Plan your first meeting
This means finding a place to meet and this can be a newly forming guild's biggest struggle. We would suggest you start by asking at the local modern fabric shops and quilt shops as they all like having potential customers in their store once a month. General craft shops are another great option. Also think about community centers, libraries or church meeting rooms. Meeting at someone's home is not encouraged as it limits your guild's future growth.
At your first meeting you will need to determine who your officers are going to be. There is a good chance that these might be the people who have done some of the work to get your guild started. Think about having a president, vice-president, treasurer and secretary. As you grow, consider adding additional roles in order to spread the work load. Swaps & Challenges, Programming, Charity and Membership are all places that you might add help with committees. Determine the terms of your officers. This is usually one year.
Determine Goal & Mission
How often do you want to meet? What do you want to do at those meetings?
As an example, here’s what some guilds do:
Meets one evening a month. At those meetings guilds deal with business, show & tells, we have speakers we do sewing swaps and and so on. We keep business as short as possible so that the meetings don't get bogged down and we can focus on the fun. There's lots of inspiration and good times at these meetings, but no sewing together.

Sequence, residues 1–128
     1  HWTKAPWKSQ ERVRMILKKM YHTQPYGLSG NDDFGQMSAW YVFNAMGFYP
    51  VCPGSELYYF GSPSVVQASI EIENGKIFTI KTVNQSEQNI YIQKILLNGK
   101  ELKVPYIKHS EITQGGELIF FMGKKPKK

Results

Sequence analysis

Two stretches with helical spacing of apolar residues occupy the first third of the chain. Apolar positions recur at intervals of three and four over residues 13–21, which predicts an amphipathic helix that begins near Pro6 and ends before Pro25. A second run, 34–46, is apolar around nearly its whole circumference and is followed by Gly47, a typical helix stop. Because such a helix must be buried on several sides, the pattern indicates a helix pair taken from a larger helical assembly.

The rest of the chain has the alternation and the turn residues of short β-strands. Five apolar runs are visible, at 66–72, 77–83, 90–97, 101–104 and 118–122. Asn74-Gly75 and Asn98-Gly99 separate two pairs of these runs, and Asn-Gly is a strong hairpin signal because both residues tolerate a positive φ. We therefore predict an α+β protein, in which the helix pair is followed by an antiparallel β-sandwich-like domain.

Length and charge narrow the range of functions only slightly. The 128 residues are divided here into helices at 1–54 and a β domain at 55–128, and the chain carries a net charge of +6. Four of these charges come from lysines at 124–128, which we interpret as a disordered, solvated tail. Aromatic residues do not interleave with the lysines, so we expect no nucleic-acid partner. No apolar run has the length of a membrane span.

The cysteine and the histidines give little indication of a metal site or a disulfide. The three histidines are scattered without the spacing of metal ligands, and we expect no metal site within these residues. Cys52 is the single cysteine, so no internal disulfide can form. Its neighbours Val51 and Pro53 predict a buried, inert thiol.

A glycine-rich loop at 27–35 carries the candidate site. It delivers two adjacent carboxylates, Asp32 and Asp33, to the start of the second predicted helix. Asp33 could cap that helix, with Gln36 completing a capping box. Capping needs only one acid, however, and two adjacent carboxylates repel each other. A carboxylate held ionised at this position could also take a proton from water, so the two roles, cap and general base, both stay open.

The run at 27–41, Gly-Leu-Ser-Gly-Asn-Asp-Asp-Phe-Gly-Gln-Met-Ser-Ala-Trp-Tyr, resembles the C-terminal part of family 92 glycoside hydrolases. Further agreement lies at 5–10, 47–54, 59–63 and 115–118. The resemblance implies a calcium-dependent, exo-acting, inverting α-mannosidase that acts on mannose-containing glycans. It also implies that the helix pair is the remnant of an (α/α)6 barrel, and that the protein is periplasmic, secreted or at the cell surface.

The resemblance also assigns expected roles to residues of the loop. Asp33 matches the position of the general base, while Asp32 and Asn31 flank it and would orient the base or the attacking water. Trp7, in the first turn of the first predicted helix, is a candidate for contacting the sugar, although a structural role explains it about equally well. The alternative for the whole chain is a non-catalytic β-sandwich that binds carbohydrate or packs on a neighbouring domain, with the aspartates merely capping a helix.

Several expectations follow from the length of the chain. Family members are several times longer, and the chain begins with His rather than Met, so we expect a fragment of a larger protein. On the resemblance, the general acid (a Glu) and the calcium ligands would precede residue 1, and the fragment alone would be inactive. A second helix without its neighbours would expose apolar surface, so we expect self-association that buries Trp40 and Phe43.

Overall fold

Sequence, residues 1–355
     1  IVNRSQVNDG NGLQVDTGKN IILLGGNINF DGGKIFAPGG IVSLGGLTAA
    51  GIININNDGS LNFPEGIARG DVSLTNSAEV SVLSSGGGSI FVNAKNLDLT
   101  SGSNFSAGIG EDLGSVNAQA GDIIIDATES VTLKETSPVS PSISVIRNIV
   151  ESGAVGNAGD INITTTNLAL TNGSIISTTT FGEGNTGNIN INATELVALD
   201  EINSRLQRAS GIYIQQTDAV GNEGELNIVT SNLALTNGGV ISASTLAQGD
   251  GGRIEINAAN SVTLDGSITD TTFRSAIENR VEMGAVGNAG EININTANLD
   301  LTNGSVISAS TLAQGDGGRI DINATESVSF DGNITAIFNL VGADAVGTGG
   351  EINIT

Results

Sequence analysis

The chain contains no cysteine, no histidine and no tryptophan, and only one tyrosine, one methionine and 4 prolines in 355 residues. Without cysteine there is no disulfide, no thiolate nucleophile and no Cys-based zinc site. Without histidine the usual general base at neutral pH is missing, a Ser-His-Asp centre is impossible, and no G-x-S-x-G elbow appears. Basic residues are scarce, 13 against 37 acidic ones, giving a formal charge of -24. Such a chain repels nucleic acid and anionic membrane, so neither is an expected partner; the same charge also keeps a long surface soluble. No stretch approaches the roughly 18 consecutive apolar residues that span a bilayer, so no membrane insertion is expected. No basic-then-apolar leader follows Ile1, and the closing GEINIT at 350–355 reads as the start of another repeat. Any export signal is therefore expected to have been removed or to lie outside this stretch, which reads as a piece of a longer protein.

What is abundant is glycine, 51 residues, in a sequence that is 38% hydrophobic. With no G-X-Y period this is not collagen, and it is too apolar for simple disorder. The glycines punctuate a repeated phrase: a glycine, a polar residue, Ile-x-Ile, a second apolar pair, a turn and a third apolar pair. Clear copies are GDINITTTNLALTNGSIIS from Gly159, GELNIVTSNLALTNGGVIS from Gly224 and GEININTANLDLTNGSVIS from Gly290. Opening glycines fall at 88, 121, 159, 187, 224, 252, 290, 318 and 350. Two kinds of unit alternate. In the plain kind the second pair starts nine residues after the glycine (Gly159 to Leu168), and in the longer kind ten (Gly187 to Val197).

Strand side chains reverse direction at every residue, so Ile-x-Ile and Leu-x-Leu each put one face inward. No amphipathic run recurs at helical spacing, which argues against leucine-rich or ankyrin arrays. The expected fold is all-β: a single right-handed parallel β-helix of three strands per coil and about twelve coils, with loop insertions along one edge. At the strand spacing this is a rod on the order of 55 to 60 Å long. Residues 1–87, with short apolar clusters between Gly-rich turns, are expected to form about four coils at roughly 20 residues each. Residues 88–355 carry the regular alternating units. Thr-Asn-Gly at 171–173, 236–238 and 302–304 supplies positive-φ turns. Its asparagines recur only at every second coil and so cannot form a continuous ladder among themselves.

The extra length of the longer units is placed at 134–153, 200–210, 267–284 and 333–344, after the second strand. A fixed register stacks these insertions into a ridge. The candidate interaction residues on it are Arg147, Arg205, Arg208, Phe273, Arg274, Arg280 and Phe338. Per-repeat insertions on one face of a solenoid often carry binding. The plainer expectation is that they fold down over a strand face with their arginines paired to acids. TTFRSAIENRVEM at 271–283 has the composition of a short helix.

One Saturday a month, some guilds get together to sew on a weekend day. Some guilds rent a room from church or a local library. At sew-ins members bring their gear – sewing machines, cutting mats, irons and ironing boards and sew sew sew! We recommend sew-ins are a minimum of six hours long to give people lots of time to get some sewing done.
One evening a month, your guild can meet for food and drinks at a local restaurant or pub. These events are strictly social and a great way to meet other guild members!
Consider setting your meeting times for nights and weekends so that working women or mothers with young children can fit it into their schedules. Also consider your location and try to be central – if you can’t be, try to be fair by rotating your events around the city. For example, happy hours can rotate around town, weekend sews can be on the opposite side of town as meetings and so on.
Determine your dues
You will have to take into account the costs for local guild membership to the MQG. Full details about membership costs can be found in the membership information packet. Additionally, think through what regular costs for the guild will be. This is usually meeting space and inviting speakers and workshop teachers. Some of the cost of workshops can be covered by charging a fee to the members who sign up for it.
Also determine what your dues include. Do they cover all meetings, guest speakers and weekend sews? Discounts on workshops or retreats? The majority of guilds allow visitors the first meeting free. The second and third are $5 each. After that, visitors are encouraged to join the guild.
Setup Bank Account
Set up a bank account for the guild. Doing this will mean you will have to get an EIN for your guild. Your treasurer should head up this work. These small first expenses for the guild can be covered by having the officers pay their dues right away. Be sure you’re keeping a budget and track of all expenses.
Write your bylaws
Find a great example by downloading the Austin MQG's bylaws here.
Apply for MQG 501(c)3 Group Exemption
Apply to be a part of the MQG 501(c)3 Group Exemption. When your guild becomes a member MQG, with a few simple steps, it can get non-profit status through the MQG's Group Exemption. Email us at email@example.com to get instructions on your application.
This is an important one! We all love modern quilting and want to find inspiration, friendship and community through our guilds. Encourage participation, learn from one another, and have a good time!